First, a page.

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Spatial and temporal variability of soil test p values under permanent pasture

D.K. Friesen1, M. Duncan2 and G.J. Blair1

1 Department of Agronomy and Soil Science, University of New England, Armidale. N.S.W. 2351

2 N.S.W. Department of Agriculture, Armidale, N.S.W. 2351

Variations in estimates of soil nutrient availability include components attributable to spatial variability of soil in the field, temporal (seasonal) variability in the size of the available P pool as well as analytical variation. While the effect of time of sampling on soil test values may be significant (e.g. Jessop et al. 1977), a sizeable portion of observed time-to-time fluctuations may in fact be due to sampling error.

In a study to assess fluctuations in P availability under pasture, two ten-core composite soil samples (7.5 cm depth) were taken at monthly intervals from adjacent 10m x 10m squares within plots of a permanent pasture trial which has received 0, 62, 125, 250 and 250 (split application) kg/ha/yr of single superphosphate since 1948. A portion of the data, shown in Table 1, illustrates the differences that can be obtained despite intensive sampling.

Table 1: Soil test P by Colwell's method in composite samples (ppm)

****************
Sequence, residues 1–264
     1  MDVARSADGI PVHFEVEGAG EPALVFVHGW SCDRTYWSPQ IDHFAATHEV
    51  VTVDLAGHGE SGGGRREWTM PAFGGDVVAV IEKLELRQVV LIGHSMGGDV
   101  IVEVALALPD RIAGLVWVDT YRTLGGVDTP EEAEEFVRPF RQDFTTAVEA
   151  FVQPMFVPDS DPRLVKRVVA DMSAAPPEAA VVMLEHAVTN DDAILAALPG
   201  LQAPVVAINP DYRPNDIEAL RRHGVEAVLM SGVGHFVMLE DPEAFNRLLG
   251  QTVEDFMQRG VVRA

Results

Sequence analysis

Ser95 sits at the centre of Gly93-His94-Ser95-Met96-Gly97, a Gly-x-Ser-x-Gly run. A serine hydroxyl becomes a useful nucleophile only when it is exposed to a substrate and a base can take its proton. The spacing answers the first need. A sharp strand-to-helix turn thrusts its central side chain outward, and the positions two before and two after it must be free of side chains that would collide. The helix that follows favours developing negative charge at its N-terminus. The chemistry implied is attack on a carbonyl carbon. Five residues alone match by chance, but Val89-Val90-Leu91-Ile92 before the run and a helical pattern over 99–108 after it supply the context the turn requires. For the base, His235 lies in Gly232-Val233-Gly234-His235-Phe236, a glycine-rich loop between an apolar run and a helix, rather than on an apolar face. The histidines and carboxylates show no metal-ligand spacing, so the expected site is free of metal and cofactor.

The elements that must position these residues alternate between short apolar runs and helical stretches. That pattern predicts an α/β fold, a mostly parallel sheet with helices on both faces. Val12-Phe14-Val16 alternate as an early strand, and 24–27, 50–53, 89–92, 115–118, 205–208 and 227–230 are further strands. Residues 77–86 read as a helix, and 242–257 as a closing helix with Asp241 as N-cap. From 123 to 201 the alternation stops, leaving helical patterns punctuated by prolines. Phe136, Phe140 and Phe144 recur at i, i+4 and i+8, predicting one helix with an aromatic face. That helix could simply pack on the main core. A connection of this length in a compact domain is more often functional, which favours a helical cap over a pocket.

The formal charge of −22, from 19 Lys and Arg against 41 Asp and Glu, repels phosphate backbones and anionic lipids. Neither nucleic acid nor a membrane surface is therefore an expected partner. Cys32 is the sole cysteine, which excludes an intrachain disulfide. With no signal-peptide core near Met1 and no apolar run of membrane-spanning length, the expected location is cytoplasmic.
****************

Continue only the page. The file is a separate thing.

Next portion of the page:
Although analysis of variance of data from twelve sampling dates indicates a significant effect of time on soil test P values, when the components of variance of the mean (Equation 1) are calculated, one finds that components due to spatial variability are of similar magnitude to that of temporal variation.

Closer scrutiny of the data suggest that much of the temporal variance is due to the increase and subsequent decline in soil test values immediately after superphosphate application. Since temporal and spatial components of variance are of similar magnitude little improvement in precision can be obtained by sampling at a particular time of year.

Sampling programs are continuing in an effort to relate soil test fluctuations to climatic parameters as well as to find means of reducing sampling errors in large paddocks.

Jessop, R.S., et al. (1977). Aust. J. Soil Res. 15: 167-70.

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